The Cloud of Unknowing
THE FIRST TIME you practice contemplation, you'll only experience a darkness, like a cloud of unknowing. You won't know what this is. You'll only know that in your will you feel a simple reaching out to God. You must also know that this darkness and this cloud will always keep you from seeing him clearly by the light of understanding in your intellect and will block you from feeling him fully in the sweetness of love in your emotions. So be sure you make your home in this darkness. Stay there as long as you can, crying out to him over and over again, because you love him. It's the closest you can get to God here on earth, by waiting in this darkness and in this cloud.
This cloud in which we are to make our home is not a literal one or one we might draw with our imaginations. Such thinking is unhelpful. Indeed, we cannot approach God with our intellect or with our imagination. We can reach God only through love, with our hearts.
To aid ourselves in our practice, we must put everything else, all of creation, under a "cloud of forgetting." Nor should we think of God's qualities or of our love for God. All we need is a "naked intent for God." To help us, we can gather this focus into one word, one syllable, such as God or love or Jesus, which we can fasten on our hearts and use as a sword or a spear with which we beat upon the cloud of unknowing. For our task is to rid ourselves of all extraneous thoughts, even those that seem holy and helpful, so that we can come out of ourselves and approach God.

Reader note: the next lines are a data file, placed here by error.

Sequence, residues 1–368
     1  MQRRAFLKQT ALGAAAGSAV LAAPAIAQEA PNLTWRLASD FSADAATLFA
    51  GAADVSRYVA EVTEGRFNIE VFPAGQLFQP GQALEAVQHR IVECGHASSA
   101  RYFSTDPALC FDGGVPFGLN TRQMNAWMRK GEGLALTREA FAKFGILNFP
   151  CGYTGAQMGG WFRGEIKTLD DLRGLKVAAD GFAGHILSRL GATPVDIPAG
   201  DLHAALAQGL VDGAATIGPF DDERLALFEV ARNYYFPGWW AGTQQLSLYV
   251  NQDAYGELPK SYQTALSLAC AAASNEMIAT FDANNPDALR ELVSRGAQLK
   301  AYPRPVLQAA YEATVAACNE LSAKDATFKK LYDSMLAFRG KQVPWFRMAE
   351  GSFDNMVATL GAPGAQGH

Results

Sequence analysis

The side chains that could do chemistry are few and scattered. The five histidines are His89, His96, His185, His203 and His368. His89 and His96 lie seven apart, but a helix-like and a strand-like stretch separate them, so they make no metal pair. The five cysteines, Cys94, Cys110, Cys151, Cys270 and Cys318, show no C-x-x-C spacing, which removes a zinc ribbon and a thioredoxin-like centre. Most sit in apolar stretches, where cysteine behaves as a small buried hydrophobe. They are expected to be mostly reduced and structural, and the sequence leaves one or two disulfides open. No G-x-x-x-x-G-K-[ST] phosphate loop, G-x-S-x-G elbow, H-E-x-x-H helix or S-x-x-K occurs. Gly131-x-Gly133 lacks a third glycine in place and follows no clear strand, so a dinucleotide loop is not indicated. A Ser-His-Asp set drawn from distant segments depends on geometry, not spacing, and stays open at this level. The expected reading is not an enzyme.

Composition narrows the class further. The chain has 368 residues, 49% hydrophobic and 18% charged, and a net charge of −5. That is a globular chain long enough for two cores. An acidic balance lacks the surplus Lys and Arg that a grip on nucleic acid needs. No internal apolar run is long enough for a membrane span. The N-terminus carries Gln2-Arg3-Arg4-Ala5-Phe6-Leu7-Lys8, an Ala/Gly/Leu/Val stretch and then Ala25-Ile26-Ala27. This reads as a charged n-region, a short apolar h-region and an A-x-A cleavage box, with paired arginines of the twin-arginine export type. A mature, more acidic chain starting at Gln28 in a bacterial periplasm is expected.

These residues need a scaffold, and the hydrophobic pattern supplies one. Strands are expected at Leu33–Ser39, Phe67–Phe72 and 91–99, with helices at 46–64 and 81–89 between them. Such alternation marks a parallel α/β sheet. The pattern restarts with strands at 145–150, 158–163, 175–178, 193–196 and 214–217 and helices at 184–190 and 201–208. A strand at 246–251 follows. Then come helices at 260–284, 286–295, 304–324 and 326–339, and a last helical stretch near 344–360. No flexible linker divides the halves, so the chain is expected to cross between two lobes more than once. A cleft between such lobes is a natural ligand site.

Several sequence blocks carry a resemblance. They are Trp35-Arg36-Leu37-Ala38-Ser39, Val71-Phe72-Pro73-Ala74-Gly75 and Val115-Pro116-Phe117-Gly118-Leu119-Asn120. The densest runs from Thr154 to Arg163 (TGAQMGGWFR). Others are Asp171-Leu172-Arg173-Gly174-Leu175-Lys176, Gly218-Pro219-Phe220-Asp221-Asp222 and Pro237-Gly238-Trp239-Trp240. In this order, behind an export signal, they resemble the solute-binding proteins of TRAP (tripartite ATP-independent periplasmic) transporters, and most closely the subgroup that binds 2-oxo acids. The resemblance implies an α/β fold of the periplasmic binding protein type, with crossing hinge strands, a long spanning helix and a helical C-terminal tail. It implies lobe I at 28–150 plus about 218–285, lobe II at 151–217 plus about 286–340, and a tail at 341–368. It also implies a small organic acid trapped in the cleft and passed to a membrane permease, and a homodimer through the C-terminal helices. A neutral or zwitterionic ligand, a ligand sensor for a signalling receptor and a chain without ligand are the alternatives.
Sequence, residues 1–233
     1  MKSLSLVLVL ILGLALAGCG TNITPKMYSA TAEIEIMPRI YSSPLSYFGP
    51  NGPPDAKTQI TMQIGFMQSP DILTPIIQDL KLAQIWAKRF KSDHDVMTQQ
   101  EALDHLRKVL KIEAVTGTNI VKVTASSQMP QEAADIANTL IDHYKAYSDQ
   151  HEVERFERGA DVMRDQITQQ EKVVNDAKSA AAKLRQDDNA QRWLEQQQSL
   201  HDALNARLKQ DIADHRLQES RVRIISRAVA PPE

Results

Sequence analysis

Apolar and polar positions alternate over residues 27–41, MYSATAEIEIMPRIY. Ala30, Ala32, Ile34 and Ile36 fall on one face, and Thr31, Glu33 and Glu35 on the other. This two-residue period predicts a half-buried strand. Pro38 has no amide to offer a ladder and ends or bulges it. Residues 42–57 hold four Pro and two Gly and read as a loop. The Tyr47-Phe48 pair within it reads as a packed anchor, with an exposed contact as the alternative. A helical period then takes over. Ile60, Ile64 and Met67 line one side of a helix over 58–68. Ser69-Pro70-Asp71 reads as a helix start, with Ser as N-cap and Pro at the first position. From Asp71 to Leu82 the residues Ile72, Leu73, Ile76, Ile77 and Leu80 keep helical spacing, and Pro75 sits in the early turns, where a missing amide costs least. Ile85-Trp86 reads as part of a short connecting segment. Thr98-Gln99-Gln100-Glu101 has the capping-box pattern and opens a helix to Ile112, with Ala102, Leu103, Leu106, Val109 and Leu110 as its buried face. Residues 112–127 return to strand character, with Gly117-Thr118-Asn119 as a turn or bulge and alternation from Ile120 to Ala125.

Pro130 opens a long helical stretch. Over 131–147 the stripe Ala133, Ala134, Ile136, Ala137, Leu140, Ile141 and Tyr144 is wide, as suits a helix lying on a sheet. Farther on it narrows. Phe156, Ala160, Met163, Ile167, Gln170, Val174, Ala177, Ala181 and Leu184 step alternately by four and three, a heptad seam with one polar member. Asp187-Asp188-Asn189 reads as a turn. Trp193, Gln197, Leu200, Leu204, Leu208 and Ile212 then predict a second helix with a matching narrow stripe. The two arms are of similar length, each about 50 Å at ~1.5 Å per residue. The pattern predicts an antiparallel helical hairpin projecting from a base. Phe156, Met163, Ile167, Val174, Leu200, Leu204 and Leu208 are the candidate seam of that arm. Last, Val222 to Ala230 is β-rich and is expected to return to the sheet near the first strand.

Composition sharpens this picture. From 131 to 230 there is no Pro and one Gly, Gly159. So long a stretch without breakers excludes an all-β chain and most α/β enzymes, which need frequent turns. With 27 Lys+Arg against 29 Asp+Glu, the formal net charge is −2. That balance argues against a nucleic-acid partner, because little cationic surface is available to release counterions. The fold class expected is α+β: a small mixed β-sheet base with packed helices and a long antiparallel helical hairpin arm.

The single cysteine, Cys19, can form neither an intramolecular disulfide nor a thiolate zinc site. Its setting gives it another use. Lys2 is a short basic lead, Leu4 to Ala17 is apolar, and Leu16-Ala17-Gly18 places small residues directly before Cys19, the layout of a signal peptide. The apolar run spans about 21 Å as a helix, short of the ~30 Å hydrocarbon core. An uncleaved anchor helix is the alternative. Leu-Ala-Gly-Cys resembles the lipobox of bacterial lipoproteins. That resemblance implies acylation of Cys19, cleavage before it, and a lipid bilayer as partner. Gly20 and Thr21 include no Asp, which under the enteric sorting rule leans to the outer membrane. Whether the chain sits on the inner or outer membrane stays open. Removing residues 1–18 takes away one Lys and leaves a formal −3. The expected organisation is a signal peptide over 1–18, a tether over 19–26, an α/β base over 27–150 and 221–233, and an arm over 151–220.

We cannot love and praise God fully while we are about the business of life. God asks of us complete dedication. In this exercise that we practice, of seeking to beat upon the cloud of unknowing between us and God, the author advises no moderation. Far from it. We are to indulge ourselves in contemplation. Excess in contemplation leads to balance in the rest of our lives. He writes, "I hope you'll never stop doing this loving work as long as you live."
Taken from The Cloud of Unknowing, author unknown, trans. Carmen Acevedo Butcher (Boston, Shambhala 2009) pp. 12, 24, 93.